abstractNote = {Doping of nanocrystals (NCs) is a key, yet underexplored, approach for tuning of the electronic properties of semiconductors. An important route for doping of NCs is by vacancy formation. The size and concentration dependence of doping was studied in copper(I) sulfide (Cu2S) NCs through a redox reaction with iodine molecules (I2), which formed vacancies accompanied by a localized surface plasmon response. X-ray spectroscopy and diffraction reveal transformation from Cu2S to Cu-depleted phases, along with CuI formation. Greater reaction efficiency was observed for larger NCs. This behavior is attributed to interplay of the vacancy formation energy, which decreases for smaller sized NCs, and the growth of CuI on the NC surface, which is favored on well-defined facets of larger NCs. This doping process allows tuning of the plasmonic properties of a semiconductor across a wide range of plasmonic frequencies by varying the size of NCs and the concentration of iodine. Controlled vacancy doping of NCs may be used to tune and tailor semiconductors for use in optoelectronic applications.},
doi = {10.1002/anie.201702673},
journal = {Angewandte Chemie (International Edition)},
number = 35,
volume = 56,
place = {United States},
year = 2017,
month = 7
}
  • Doping of nanocrystals (NCs) is a key, yet underexplored, approach for tuning of the electronic properties of semiconductors. An important route for doping of NCs is by vacancy formation. The size and concentration dependence of doping was studied in copper(I) sulfide (Cu2S) NCs through a redox reaction with iodine molecules (I2), which formed vacancies accompanied by a localized surface plasmon response. X-ray spectroscopy and diffraction reveal transformation from Cu2S to Cu-depleted phases, along with CuI formation. Greater reaction efficiency was observed for larger NCs. This behavior is attributed to interplay of the vacancy formation energy, which decreases for smaller sizedmore » NCs, and the growth of CuI on the NC surface, which is favored on well-defined facets of larger NCs. This doping process allows tuning of the plasmonic properties of a semiconductor across a wide range of plasmonic frequencies by varying the size of NCs and the concentration of iodine. Controlled vacancy doping of NCs may be used to tune and tailor semiconductors for use in optoelectronic applications.« less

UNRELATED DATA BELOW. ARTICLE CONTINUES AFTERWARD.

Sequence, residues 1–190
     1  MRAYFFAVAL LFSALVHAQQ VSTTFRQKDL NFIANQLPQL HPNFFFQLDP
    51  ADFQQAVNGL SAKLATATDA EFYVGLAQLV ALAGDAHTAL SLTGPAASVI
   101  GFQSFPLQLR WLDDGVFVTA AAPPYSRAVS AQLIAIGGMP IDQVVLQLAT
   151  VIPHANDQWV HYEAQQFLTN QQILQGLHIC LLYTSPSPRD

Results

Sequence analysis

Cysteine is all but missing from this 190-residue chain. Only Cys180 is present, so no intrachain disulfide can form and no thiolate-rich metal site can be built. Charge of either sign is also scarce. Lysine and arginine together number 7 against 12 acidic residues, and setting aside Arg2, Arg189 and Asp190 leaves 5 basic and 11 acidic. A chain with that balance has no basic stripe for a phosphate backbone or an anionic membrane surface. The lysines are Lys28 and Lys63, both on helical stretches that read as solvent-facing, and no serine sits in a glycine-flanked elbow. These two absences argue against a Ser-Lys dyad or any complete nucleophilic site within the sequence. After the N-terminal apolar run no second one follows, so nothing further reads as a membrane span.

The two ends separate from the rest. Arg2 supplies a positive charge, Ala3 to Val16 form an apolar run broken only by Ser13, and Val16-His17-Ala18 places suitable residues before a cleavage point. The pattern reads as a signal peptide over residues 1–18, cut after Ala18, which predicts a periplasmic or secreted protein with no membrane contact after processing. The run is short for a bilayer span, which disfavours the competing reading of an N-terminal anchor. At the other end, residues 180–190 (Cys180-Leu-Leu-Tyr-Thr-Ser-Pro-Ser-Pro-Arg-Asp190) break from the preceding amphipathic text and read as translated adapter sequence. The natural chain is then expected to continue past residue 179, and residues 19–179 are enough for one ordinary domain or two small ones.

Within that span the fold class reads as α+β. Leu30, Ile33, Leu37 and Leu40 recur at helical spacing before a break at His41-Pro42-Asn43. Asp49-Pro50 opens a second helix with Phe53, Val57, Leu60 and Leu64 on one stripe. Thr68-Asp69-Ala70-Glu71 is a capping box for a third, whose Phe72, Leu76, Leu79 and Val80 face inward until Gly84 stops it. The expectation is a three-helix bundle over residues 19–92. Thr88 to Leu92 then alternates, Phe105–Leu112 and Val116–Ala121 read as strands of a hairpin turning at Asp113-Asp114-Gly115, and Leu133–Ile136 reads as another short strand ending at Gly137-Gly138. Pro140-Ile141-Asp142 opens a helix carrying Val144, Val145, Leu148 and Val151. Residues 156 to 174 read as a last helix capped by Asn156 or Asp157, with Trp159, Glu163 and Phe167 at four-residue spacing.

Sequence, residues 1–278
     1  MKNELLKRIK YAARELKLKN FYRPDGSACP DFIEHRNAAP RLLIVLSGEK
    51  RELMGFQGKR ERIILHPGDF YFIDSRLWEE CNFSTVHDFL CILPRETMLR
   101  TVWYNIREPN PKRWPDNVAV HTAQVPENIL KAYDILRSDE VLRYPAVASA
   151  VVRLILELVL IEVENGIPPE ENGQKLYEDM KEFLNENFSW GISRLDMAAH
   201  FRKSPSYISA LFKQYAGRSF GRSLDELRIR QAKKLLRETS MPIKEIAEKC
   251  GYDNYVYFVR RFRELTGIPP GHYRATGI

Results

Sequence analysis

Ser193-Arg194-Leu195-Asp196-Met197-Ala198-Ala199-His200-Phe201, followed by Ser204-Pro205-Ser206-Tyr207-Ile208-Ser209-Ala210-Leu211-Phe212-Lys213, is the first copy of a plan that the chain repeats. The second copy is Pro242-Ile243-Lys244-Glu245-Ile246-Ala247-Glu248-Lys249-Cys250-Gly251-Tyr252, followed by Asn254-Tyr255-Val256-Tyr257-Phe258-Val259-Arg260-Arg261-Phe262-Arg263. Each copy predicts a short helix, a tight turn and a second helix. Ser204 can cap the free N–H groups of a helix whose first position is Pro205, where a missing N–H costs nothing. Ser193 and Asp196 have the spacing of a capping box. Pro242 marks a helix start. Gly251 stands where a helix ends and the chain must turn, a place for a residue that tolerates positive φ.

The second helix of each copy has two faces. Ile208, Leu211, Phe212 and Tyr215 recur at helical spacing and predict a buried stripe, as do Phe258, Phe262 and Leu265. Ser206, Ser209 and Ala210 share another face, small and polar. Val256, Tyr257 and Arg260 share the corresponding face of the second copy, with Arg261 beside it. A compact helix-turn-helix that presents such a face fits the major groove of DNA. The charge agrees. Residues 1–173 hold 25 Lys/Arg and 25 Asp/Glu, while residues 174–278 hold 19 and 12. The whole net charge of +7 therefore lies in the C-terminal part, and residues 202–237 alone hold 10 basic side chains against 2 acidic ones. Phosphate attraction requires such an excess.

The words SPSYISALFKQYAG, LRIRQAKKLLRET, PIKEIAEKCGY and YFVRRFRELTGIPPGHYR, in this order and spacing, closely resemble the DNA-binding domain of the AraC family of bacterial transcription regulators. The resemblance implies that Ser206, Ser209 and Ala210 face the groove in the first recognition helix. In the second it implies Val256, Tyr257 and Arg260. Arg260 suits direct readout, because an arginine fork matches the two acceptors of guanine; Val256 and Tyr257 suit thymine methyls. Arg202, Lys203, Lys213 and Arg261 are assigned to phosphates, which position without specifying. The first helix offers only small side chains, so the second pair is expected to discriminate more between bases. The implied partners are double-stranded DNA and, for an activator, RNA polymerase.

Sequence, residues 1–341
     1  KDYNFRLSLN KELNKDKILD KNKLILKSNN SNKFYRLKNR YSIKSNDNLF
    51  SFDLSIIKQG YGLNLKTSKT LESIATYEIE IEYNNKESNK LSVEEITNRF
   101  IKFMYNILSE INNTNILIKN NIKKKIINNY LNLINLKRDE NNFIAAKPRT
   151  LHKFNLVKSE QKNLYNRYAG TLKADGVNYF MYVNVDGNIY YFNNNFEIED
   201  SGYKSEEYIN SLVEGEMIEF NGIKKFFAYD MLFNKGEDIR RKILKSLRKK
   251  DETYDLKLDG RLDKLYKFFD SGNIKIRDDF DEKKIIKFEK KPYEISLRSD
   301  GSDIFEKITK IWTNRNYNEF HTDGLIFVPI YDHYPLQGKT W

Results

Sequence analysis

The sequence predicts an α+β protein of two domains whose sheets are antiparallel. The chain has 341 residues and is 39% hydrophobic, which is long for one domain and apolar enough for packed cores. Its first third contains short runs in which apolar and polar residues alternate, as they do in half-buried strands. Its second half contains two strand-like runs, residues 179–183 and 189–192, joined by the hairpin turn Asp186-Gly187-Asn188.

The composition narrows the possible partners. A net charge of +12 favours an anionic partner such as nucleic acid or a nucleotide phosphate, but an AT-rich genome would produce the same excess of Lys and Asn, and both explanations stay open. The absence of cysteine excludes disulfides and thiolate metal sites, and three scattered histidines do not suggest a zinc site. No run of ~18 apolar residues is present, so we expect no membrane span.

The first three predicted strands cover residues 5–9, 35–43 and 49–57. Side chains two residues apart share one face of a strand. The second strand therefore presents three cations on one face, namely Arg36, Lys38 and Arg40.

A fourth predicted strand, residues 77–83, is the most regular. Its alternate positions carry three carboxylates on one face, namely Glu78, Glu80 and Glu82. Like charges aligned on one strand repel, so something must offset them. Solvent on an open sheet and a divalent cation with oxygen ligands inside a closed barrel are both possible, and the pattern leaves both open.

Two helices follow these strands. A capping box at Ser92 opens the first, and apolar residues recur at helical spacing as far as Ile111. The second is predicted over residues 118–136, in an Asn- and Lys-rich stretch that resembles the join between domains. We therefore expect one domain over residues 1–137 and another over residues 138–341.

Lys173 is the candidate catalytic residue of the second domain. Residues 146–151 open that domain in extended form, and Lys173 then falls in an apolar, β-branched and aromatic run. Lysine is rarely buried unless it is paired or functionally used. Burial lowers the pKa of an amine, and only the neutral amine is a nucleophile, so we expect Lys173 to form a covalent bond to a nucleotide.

• Determination of the phase diagrams for the nanocrystalline forms of materials is crucial for our understanding of nanostructures and the design of functional materials using nanoscale building blocks. The ability to study such transformations in nanomaterials with controlled shape offers further insight into transition mechanisms and the influence of particular facets. Here we present an investigation of the size-dependent, temperature-induced solid-solid phase transition in copper sulfide nanorods from low- to high-chalcocite. We find the transition temperature to be substantially reduced, with the high chalcocite phase appearing in the smallest nanocrystals at temperatures so low that they are typical of photovoltaicmore » operation. Size dependence in phase trans- formations suggests the possibility of accessing morphologies that are not found in bulk solids at ambient conditions. These other- wise-inaccessible crystal phases could enable higher-performing materials in a range of applications, including sensing, switching, lighting, and photovoltaics.« less